A new report commissioned by the Archbishops of Canterbury and York calls on all institutions, with a particular focus of the Church of England and Government, to prioritise family life in all decision making and for every person to support and commit to permanent, good quality relationships, whatever form they take. That’s a big call! We might say ‘family life’ is an obvious ‘good’ which society should prioritise without much questioning. But even writing that shows how limited is my view of society, limited by my history and experience.
The report Love Matters is based on theological work, a social history of the family and households, and research on “stable and loving relationships” in a post pandemic society. Why ‘post pandemic’ is a focus is not clear, suggesting that this is an innovative approach while probably most would agree that the family is important without question.
To ensure a varied contribution, the Report had twelve commission members and additional advisers who contributed from personal experience, alongside input from communities, interfaith leaders, parents, teachers, children and young people, and through surveys and contemporary literature.
The result is a 236 page report, the key points of which I suggest we might have brain-stormed around a cup of coffee, but it is good to see that empirical and statistical evidence supports and develops what we may have put together! But before we feel rather smug, the report cautions us that “families and households are not to be idolised in and of themselves”. Family life, however constituted needs support to face the daily challenges of living. Neither should the idea of ‘family’ be constrained or limited. For all of us, ‘family’ is a fluid concept over the course of our lives.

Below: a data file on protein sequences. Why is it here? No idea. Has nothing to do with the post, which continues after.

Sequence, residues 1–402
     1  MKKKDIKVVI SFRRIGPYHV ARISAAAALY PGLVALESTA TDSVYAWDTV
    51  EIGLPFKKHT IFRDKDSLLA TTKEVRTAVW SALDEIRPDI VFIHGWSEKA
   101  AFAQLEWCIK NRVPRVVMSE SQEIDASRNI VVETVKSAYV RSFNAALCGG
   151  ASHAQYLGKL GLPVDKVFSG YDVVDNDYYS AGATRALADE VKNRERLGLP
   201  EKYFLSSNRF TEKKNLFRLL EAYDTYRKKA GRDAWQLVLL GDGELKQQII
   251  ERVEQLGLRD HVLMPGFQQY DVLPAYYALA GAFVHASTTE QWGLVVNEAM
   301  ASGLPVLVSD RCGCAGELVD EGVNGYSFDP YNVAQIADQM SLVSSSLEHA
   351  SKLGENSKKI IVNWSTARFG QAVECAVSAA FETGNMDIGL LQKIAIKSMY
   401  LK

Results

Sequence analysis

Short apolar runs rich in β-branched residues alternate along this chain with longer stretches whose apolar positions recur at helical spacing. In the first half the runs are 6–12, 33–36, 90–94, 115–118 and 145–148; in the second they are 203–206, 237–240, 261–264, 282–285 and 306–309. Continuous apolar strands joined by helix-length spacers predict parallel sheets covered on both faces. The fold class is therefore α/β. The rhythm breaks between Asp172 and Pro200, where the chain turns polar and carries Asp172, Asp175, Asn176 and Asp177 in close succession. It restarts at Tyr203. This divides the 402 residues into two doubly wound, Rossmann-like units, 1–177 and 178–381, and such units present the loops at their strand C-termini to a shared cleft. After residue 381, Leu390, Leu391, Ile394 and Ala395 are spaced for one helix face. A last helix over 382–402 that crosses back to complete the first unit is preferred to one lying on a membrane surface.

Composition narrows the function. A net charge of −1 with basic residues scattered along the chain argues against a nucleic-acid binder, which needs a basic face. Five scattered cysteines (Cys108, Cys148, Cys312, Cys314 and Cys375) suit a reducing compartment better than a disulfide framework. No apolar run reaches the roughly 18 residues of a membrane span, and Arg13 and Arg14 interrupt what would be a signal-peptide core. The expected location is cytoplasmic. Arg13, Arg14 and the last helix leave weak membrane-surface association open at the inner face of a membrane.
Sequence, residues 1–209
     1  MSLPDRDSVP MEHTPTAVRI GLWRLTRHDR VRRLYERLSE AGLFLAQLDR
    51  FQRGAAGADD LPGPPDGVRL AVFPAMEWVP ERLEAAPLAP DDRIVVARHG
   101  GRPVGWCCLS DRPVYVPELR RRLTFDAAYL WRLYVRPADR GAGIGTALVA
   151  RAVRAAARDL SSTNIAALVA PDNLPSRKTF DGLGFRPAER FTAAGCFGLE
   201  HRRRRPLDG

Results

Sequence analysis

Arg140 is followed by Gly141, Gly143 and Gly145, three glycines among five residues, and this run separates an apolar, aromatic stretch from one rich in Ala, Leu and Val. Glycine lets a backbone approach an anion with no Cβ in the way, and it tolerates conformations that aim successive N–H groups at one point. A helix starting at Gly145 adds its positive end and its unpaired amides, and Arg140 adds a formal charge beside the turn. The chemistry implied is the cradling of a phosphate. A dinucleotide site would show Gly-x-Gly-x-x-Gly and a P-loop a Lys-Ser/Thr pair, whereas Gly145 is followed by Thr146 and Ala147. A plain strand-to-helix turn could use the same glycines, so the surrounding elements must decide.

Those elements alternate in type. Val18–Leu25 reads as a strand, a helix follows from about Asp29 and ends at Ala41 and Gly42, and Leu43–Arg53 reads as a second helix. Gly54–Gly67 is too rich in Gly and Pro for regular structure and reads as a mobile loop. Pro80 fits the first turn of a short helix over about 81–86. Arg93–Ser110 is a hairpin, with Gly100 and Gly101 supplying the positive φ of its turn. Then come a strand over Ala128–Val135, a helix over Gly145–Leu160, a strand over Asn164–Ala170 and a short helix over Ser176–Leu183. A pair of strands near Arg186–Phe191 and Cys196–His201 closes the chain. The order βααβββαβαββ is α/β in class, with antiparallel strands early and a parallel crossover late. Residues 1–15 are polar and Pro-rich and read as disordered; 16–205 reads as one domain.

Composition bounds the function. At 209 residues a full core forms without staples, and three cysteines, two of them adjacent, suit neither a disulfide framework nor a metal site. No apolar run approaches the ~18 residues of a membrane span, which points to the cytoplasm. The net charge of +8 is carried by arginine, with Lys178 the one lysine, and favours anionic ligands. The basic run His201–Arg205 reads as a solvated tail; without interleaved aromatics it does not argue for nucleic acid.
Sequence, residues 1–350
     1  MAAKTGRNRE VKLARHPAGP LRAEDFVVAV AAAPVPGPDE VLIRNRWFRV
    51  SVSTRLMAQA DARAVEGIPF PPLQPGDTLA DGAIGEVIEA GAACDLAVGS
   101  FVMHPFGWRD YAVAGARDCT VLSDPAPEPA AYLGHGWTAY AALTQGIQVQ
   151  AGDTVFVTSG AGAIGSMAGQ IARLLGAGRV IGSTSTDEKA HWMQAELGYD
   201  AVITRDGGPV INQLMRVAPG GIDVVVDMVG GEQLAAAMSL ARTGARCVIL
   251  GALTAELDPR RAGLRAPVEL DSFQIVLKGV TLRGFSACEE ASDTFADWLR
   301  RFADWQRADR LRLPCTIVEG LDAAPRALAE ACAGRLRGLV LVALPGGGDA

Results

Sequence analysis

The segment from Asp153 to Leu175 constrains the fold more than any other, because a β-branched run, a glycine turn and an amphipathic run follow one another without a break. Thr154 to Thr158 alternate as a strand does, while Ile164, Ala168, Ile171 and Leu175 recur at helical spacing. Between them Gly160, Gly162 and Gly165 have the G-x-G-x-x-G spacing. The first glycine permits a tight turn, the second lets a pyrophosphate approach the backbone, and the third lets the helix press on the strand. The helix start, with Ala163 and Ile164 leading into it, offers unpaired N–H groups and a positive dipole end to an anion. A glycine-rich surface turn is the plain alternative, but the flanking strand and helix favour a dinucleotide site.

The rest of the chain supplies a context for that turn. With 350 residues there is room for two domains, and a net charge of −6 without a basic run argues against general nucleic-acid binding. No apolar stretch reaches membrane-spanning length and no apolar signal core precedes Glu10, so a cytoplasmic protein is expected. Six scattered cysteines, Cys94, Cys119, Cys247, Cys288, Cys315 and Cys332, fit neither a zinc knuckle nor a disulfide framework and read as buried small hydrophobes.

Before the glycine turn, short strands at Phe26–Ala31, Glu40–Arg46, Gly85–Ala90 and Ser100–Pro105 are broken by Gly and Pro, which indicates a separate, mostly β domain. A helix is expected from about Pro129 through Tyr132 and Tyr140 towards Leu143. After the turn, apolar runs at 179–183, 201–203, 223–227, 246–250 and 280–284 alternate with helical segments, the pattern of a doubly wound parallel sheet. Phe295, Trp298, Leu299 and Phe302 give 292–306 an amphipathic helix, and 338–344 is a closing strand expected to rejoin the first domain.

Perhaps the pandemic focus reflects how the last two years have affected and changed us. It made me appreciate how much we live in a ‘trance’ – the normal and predictable. As has been noted, ‘no change occurs but by crisis’, think about that on the simplest scale to the catastrophic. Personally, because of the pandemic I seem to have lost the ability to use cash. I must really think to count out coins, as does the befuddled person behind the counter, we both have to check twice! Tangible money has almost left us, we are all ‘tap and go’.
The Report cites the pandemic, the cost of living, the war in Ukraine and climate change as examples of challenges that need ‘bold remedies’. Indeed they do, suggestions on a post card. Such events create uncertainty, disadvantage and inequality and put the family unit under stress. It is here that the Report calls for family wellbeing to be prioritised with initiatives to provide support.
It has five key messages directed at individuals, religious communities and Government.
- value families in all their diversity;
- support loving and caring relationships, life-long;
- honour singleness and single person households;
- empower and protect children and young people with value and agency;
- and, build a kinder, fairer and more forgiving society by removing discrimination, division, and deep inequality, such as of race and wealth.
Typing these out made me realise how easily my eye can scan over words with little engagement. They are big ideas. Re-reading them carefully challenged me. Could I engage and do something? I could start by just being kinder.
What is family? There is no model of rightness, nor should there be. Families are diverse, have no particular shape or order, can be constituted very differently with people with whom we share no blood relationship.
The Bishop of Durham who co-chaired the commission remarked “there was no “one best shape” for family “except that loving long-term relationships are absolutely key for us all to flourish. Families matter. Relationships matter. Love matters.”
The Bible tells us that God is Love, not just that God is ‘loving’, rather God is the very source of love. Indeed – ‘love matters’ – not romantic or superficial love, but love mirrored so often in families, which is steadfast, strong, courageous and consistent, whose source is God.